El Rey de las Arepas is really La Reina — the queen. That's Zoraida Gutierrez, from Caracas. Her son Rayner, owner of the first Venezuelan restaurant in the area, says Zoraida begins work every morning at 7 to start on the arepas, cachapas, and pabellones with which the family intends to make its mark on the Southwest Detroit restaurant scene.
In the last year, I've eaten Salvadoran, Honduran, Guatemalan, Puerto Rican, and, needless to say, Mexican, in the neighborhood. All have their charms and their strengths, but none is more charming than tiny El Rey. The handrail and steps leading to the door are painted in the colors of the Venezuelan flag (red, blue, yellow), the walls are brick red, the pretty plates are multicolored, Caribbean music plays gently, the service is ultra-friendly. It's one of those former corner bars from the old days, with the original old-fashioned dark wood bar backed by glass-fronted cabinets (but no license, sadly).
You will definitely be ordering arepas, the Venezuelan version of the empanada (or samosa or pasty). It's ground corn flour shaped into a circle, grilled, split like a biscuit, then filled with whatever you like. It's sort of like a huge English muffin, but with flavor.
Unlike an empanada, the arepa is hard to deal with as a hand-food, because the sides are open, and for some reason the innards don't stay inside as well as in a sandwich. So use a knife and fork as needed.
I first had the mini-arepas as an appetizer, and their texture was perfect: a crisp exterior and fluffy interior, stuffed with white cheese. I can see why Venezuelan ex-pats are driving from Ann Arbor to El Rey — the tactile properties alone are reason enough. The flavor of an arepa can be pretty bland without the house green garlic sauce, but the stuffed versions are marvelous. The menu suggests combinations of cheeses, ham, black beans, or scrambled eggs (pick two for $5.50), or chicken, shredded beef, pork, chicharrones, steak, or chorizo (two for $6.50). Add avocado or tomato if you like. The chorizo was one of the best I've ever had, accomplishing the trick of being quite spicy without being picante (hot). Cubes of pernil (roast pork) are tender and moist, good with slices of avocado.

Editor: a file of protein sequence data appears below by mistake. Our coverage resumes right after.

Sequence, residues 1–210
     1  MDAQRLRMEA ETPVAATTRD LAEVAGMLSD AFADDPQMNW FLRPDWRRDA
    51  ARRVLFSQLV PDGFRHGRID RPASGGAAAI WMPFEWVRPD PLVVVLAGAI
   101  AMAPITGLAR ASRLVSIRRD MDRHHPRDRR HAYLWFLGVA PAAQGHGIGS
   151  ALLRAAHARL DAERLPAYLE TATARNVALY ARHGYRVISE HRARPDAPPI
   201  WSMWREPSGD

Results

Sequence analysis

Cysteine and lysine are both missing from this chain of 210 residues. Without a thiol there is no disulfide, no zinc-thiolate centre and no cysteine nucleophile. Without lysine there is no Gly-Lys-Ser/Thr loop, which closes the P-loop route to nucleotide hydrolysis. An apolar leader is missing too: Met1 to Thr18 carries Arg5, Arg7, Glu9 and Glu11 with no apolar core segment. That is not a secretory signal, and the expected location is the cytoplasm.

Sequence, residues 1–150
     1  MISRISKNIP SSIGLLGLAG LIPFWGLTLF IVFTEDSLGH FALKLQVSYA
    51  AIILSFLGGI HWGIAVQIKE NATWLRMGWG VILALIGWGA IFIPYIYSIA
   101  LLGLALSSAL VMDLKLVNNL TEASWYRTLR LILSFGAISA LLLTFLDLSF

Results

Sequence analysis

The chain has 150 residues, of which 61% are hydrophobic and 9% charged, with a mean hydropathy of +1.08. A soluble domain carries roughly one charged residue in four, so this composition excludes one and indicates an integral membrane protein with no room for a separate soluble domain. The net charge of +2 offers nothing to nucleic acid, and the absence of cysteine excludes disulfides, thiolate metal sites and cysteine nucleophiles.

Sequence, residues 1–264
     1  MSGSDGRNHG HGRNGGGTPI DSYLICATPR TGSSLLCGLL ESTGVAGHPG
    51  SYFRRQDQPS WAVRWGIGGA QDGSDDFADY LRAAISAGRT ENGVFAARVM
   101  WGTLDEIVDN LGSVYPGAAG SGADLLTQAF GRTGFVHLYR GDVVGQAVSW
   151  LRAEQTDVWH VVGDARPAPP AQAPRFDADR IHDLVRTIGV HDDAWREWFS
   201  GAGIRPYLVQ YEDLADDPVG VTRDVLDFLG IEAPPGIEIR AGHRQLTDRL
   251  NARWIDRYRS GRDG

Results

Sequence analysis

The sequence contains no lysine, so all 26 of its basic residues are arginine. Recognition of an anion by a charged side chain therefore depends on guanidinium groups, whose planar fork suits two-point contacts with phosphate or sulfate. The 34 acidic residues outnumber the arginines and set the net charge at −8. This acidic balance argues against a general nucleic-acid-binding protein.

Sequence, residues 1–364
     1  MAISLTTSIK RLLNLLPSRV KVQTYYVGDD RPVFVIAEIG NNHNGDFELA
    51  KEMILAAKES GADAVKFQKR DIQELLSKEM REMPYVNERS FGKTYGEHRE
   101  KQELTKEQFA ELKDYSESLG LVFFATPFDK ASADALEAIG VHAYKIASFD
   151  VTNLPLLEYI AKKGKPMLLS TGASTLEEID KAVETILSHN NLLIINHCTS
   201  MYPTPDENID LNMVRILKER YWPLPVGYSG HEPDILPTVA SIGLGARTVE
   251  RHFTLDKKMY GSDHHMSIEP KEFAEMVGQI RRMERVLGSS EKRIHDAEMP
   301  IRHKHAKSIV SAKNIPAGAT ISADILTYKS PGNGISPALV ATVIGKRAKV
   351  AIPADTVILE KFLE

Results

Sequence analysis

Another corn-dough dish is the cachapa: a pancake folded in half and stuffed with lots of white cheese. This one is beautiful too, like a perfectly done piece of French toast, and intensely corn flavored, almost like a corn pudding, and pretty sweet.
Also listed as $4 appetizers are tostones, the savory plantain chips, with shredded beef, and tajadas, sweet, ripe plantain chips, with cheese.
What I don't know is how people eat one of these starters, or have a chicha to drink (see below), and then go on. Main dishes are hefty too. The Venezuelan national dish is pabellon: a big square of white rice surrounded by black beans, shredded beef in tomato sauce and sweet fried plantains. The beef is tender and rich.
Even more bounteous, and my overall favorite, is bandeja paisa, a dish originally Colombian. (Fans of the now-closed El Comal on Vernor will remember this one.) It will include at least rice, beans, shreds of steak and pork, chewy chicharrones in tomato sauce, an arepa, fried plantains, a large chunk of that exceptionally good chorizo, and all is topped with a fried egg. For me the combination of black beans and egg alone is irresistible — and that's the least celebrated part of the dish. The chicharrones are remarkably tender.
If you order a week in advance, Gutierrez will make you an hallaca, the Venezuelan tamale that is typically a Christmastime treat. Again it's corn dough, folded around beef, pork, chicken, raisins, capers, onion, and olives, wrapped in a plantain leaf and boiled. If your only experience of tamales is the dry cylindrical ones sold in Mexicantown — well, this is something else. One will serve two, for $10.25.
To drink, a typical Venezuelan beverage is papelón con limón: Unrefined brown whole cane sugar is mixed with water and lime juice to produce something like a limey iced tea. Fans of horchata will like chicha, a very thick boiled-rice drink with milk and sugar, topped with cinnamon. It's eggnog-like, but without alcohol, and available Friday-Sunday. The molasses-flavored malta soft drink is also on hand.
El Rey is in a residential neighborhood south of Michigan Avenue, west of Livernois, so it's off the beaten track. The Gutierrezes are spreading the word on Facebook, and you may be asked to star in a video soundbite. Don't hesitate!
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